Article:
School students want structure, discipline and caring relationships from their teachers, new research from Edith Cowan University has found, flying in the face of the stereotypical view of a pupil seeking to get away with bad behaviour.
ECU School of Education Lecturer Helen Egeberg surveyed 360 WA high school students from six schools on their views about what made an effective teacher.
“What we found was that the things that students want most is a sense that their teachers genuinely care about them, explain concepts clearly and control classroom behaviour,” she said.
“Of those students surveyed, 85 per cent agreed that effective teachers make them feel like they care about the students as individuals and 88 per cent agreed that effective teachers respect their ideas and suggestions.
“Further, 82 per cent of students agreed that effective teachers ensure that behaviour in their classrooms remains under control.
“This flies in the face of the common stereotype that some high school students don’t care about their education and just want to muck around all day at school.”
Following the survey the researchers conducted in depth focus groups at each of the six schools involved in the study.
Ms Egeberg said one of the key themes to emerge from the discussions was the need for teachers to form strong relationships with their students.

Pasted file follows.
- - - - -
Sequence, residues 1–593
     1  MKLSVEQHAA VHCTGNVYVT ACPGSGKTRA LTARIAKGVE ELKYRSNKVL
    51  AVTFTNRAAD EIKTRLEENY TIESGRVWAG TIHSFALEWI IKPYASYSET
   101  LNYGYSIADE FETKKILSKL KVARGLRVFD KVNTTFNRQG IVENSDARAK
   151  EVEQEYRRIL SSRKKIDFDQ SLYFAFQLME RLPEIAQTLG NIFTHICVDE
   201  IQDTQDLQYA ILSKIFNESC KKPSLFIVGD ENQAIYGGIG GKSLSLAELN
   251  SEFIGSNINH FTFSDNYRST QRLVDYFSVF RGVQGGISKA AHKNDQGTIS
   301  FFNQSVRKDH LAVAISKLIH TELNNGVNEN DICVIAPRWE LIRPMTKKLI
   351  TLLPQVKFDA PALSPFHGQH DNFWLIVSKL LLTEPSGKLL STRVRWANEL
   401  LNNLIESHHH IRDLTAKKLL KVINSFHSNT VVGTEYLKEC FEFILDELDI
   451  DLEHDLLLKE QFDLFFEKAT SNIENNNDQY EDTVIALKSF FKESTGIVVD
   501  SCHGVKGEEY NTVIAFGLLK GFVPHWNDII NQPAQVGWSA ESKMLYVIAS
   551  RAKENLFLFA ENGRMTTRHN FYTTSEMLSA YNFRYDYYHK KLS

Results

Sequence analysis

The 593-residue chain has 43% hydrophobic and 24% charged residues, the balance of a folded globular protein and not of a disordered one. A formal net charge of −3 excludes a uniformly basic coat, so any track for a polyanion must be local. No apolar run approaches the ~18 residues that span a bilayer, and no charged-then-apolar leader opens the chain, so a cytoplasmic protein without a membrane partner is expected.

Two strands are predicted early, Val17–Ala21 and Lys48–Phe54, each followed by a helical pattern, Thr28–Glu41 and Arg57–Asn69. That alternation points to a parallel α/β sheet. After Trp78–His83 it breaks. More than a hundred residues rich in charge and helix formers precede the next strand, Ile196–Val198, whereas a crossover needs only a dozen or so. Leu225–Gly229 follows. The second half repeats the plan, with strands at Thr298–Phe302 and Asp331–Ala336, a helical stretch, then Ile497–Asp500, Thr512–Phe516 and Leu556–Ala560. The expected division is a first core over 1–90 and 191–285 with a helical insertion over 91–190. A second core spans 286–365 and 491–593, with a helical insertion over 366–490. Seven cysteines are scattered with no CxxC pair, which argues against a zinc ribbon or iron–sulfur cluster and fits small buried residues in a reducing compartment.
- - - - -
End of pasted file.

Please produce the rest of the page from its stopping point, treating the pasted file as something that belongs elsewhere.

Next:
“This was something that was brought up again and again in the focus groups, students respond best to the teachers who they felt cared about them and had worked to establish a relationship of mutual respect and trust,” she said.
The second major theme to come out of the focus groups was teachers who were able to balance providing boundaries for their students without being too harsh.
“The students said that the best teachers were neither too friendly and let them get away with anything nor too strict,” she said.
Ms Egeberg said the next step in her research was to examine the attitudes of those teachers students identified as doing well.
“What we are hoping to identify is the key aspects of effective classroom management that can help inform teachers’ practice with all of their students,” she said.
‘What do students believe about effective classroom management? A mixed-methods investigation in Western Australian high schools’ was recently published in The Australian Educational Researcher.